National Security

US NATO Commander: UN Nuke Ban Is ‘Not Realistic’

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Russ Read Pentagon/Foreign Policy Reporter
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The proposed United Nations ban on nuclear weapons is unrealistic in today’s high-threat environment, according to the U.S. commander of NATO forces.

“[A] nuclear weapons ban is just not realistic,” said Army Gen. Curtis Scaparrotti, who also heads U.S. European Command, while testifying Tuesday before the House Committee on Armed Services.

Scaparrotti pointed to North Korea’s nuclear provocations and Russia’s aggressive military modernization as examples as to why a nuclear ban would be unrealistic.

The general’s comments come one day after the U.S. led a walk out of U.N. talks on a treaty that would ban nuclear weapons.

“There is nothing I want more for my family than a world with no nuclear weapons,” Amb. Nikki Haley told reporters. “But we have to be realistic. Is there anyone who thinks that North Korea would ban nuclear weapons?”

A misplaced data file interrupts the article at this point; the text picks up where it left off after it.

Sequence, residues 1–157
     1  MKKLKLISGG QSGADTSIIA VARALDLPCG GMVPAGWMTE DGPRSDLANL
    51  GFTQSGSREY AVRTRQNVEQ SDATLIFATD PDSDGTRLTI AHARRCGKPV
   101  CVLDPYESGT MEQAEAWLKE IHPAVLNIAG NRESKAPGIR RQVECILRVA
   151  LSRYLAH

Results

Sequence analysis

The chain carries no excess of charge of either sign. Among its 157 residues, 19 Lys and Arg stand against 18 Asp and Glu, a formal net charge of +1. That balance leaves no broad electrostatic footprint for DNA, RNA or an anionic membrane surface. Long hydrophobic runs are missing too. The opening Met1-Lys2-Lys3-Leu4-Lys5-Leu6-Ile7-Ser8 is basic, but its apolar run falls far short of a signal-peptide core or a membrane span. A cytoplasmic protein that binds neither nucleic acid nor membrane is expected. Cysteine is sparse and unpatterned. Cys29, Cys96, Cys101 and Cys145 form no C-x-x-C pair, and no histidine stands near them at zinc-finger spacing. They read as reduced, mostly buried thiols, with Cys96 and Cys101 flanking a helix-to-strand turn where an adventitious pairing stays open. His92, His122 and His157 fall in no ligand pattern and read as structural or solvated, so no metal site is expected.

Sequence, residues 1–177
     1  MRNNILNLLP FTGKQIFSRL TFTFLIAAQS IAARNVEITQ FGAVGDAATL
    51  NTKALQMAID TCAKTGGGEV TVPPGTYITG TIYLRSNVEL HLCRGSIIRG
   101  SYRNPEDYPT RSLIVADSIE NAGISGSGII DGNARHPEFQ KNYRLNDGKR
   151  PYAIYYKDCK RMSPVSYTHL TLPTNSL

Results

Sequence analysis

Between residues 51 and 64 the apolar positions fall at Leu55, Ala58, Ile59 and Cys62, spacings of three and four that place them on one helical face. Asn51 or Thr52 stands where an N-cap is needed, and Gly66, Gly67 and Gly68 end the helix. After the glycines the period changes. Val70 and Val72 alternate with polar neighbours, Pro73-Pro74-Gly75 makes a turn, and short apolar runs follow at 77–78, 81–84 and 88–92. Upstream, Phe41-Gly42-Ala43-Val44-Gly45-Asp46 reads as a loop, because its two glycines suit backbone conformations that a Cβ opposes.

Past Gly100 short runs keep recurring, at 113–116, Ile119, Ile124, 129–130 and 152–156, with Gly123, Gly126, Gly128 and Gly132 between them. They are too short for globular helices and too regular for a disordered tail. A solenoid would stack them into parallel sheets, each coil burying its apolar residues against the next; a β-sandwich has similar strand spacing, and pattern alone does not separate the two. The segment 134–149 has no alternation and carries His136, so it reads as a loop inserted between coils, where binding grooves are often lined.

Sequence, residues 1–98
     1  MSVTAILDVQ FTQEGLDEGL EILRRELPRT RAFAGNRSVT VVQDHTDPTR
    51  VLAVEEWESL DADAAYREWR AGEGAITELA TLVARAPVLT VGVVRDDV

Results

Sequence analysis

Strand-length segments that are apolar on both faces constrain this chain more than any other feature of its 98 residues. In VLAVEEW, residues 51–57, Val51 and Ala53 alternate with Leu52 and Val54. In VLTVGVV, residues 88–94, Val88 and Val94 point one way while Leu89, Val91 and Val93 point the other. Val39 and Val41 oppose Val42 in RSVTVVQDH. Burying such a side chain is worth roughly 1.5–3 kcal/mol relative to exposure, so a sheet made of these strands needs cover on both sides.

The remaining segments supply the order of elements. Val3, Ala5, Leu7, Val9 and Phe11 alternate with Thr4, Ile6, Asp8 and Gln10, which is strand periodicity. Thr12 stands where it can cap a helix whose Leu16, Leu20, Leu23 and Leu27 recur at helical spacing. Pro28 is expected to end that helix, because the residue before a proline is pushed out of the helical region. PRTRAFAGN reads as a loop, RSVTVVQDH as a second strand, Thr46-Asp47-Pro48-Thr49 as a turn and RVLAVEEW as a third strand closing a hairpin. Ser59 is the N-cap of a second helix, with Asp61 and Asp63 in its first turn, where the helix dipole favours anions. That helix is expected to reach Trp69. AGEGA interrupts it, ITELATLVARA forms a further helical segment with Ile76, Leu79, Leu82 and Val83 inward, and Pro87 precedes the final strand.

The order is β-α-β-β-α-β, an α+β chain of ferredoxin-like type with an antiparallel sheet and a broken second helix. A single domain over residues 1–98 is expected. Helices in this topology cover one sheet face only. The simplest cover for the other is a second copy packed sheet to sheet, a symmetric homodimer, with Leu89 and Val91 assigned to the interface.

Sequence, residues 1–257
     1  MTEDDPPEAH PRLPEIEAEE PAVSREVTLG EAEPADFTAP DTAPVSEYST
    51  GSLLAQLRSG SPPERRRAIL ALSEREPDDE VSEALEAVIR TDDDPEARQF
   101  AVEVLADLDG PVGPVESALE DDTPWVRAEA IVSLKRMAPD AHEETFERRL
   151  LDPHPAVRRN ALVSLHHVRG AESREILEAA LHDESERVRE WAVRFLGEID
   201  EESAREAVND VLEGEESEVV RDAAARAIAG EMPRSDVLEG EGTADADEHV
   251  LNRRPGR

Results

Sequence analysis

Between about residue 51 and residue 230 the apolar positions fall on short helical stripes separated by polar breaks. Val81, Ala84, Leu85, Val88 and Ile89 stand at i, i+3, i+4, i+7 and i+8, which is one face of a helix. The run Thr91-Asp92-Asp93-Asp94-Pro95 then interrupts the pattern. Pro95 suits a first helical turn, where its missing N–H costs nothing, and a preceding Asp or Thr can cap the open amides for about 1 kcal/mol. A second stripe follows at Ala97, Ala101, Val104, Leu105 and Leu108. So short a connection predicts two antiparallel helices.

Haley was joined by several U.S. allies, including the United Kingdom, France and South Korea.

Scaparrotti noted in his opening statement that Russia “has repeatedly violated international agreements and treaties that underpin European peace and stability, including the Treaty on Intermediate-Range Nuclear Forces (INF) and the Treaty on Conventional Armed Forces in Europe (CFE).”

Russia is believed to have violated the INF treaty when it deployed the SSC-8 intermediate-range cruise missile. The missile is capable of carrying a nuclear warhead and is estimated to have a range of 300 to 3,400 miles, which falls under intermediate range.

The general added that he had no indication that Russia will return to INF treaty compliance.

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